Mises also explains how Marxists tend to attack the source and not the idea & how they attempt to debase the idea by interpreting all their actions in light of the character of the source which they themselves create, we shouldn't never go down that path because history is susceptible to contrasting interpretations & Gandhi's character might also interpreted in different ways.

    I agree with the inference that the accessibility of Gandhian ideas might be because it appeals to certain baser instincts of humans and signify its lack of refinement but only a dissection of Gandhian ideas can be a testament not a fallible interpretation of his character.

  • Mahesh Sreekandath

    Thank you for the response!

    Must say that your emphasis on the contrast between Rabindranath Tagore & Gandhi was very striking. What Tagore said was in line with individualism and spontaneous order while Gandhi might have been hypocritical when advocating self rule (swaraj) but at the same time using dogma based collectivism to force the change.

    Tagore believed that “there can be no question of blind revolution, but of steady and purposeful education", this seems in line with the the British tradition of steady but slow evolution of institutions and society v/s Gandhi's seemingly rationalist revolutionary change which someone might equate to the unrealistic ideals of French revolution.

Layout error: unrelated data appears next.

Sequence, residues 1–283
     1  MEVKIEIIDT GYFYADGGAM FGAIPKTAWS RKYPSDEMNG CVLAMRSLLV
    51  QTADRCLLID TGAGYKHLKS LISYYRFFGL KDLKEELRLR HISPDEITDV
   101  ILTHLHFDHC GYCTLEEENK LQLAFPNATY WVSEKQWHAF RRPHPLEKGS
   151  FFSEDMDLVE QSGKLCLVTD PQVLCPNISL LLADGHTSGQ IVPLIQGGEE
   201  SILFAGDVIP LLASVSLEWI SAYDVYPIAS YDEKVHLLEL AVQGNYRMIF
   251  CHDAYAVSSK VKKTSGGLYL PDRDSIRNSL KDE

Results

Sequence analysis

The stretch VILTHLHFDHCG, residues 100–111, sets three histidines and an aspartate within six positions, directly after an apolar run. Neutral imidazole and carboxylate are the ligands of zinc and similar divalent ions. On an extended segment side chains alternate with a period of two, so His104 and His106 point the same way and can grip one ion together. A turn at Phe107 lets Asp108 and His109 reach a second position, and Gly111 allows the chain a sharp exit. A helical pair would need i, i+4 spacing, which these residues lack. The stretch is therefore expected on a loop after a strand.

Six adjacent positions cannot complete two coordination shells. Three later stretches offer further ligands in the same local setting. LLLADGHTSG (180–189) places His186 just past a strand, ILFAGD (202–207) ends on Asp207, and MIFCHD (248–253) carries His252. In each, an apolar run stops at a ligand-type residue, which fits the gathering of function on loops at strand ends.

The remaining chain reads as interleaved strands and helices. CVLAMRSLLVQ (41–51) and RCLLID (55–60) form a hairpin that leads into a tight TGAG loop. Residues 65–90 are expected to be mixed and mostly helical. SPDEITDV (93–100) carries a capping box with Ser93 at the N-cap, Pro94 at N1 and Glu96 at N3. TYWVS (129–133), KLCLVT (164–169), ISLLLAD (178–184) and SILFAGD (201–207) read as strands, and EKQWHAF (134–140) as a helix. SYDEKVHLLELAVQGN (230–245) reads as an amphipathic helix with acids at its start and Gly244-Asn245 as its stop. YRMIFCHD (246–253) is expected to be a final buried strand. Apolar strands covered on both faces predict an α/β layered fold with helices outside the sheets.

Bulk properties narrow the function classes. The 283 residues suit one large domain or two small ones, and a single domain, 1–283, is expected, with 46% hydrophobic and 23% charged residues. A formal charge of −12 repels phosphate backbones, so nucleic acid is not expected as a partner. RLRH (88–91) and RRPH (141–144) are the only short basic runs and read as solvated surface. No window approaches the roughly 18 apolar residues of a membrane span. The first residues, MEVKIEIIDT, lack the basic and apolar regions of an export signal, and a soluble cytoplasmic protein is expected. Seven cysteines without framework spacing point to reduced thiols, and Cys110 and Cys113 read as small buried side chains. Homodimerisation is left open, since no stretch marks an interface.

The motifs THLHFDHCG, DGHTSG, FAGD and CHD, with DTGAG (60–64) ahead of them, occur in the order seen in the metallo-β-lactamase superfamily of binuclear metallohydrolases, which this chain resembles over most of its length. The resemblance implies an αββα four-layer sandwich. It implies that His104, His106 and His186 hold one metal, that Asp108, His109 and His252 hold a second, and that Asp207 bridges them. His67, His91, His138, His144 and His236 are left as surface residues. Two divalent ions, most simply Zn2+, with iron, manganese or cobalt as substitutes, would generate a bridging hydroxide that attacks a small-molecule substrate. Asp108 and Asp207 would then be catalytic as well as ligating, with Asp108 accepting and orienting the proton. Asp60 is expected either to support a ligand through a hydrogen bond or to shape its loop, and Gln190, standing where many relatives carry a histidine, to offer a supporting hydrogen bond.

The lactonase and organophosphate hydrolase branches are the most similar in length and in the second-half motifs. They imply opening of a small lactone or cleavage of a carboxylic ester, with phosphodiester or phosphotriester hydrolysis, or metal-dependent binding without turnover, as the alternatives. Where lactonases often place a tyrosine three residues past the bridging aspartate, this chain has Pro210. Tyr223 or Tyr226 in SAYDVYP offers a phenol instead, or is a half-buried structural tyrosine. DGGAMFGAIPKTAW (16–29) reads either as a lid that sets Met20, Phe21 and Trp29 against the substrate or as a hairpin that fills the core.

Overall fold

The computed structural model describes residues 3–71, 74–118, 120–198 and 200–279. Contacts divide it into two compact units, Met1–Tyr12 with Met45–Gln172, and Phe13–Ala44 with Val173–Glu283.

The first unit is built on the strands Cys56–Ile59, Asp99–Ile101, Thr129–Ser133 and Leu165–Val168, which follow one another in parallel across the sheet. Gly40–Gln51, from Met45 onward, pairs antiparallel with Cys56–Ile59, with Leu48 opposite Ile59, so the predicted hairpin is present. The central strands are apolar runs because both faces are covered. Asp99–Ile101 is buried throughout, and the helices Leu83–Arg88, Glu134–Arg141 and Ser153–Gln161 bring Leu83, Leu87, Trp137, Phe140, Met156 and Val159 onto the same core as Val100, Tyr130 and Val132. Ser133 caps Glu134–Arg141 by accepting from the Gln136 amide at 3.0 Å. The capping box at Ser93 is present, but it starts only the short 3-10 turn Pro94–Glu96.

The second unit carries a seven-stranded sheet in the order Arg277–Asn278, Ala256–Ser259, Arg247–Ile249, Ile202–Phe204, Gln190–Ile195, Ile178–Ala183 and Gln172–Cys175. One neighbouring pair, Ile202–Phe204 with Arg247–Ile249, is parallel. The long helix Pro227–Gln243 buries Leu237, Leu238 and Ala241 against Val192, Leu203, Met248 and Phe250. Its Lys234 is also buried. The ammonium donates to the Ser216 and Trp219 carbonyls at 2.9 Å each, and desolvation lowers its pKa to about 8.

The contrast between Tagore & Gandhi is relevant, I intent to read much more about Tagore in future and undoubtedly, equating Gandhi with Libertarianism is erroneous.

  • Jayant Bhandari

    I completely agree with you. Indeed, from whatever I have read of Tagore, he is a true libertarian icon; certainly he was very wise and very, very enlightened. Indeed during the late 19th century, Indians were burning widows on the funeral pyre of their dead husbands and child marriages were rampant. There were many, many cultural problems. No rational person could blame these on the English.

    Tagore and several other enlightenment movements that had emerged in India, given what they saw right in front on them, preferred to use the English to get India rid of its cultural problems, instead of wasting everyone's energy on wasteful and distracting endeavors. Tagore those days ran a very famous school, Shanti Niketan, which was responsible for generating a group of enlightened individuals. I don't feel any nationalistic feelings inside me, but if I did, I would be tremendously proud of Tagore.

    Thanks again for your thoughts.

Profile photo of Jayant Bhandari

Jayant Bhandari is constantly traveling the world to understand it and to look for investment opportunities, particularly in the natural resource sector. He advises institutional investors about his finds. He also runs a yearly seminar in Vancouver entitled "Capitalism & Morality."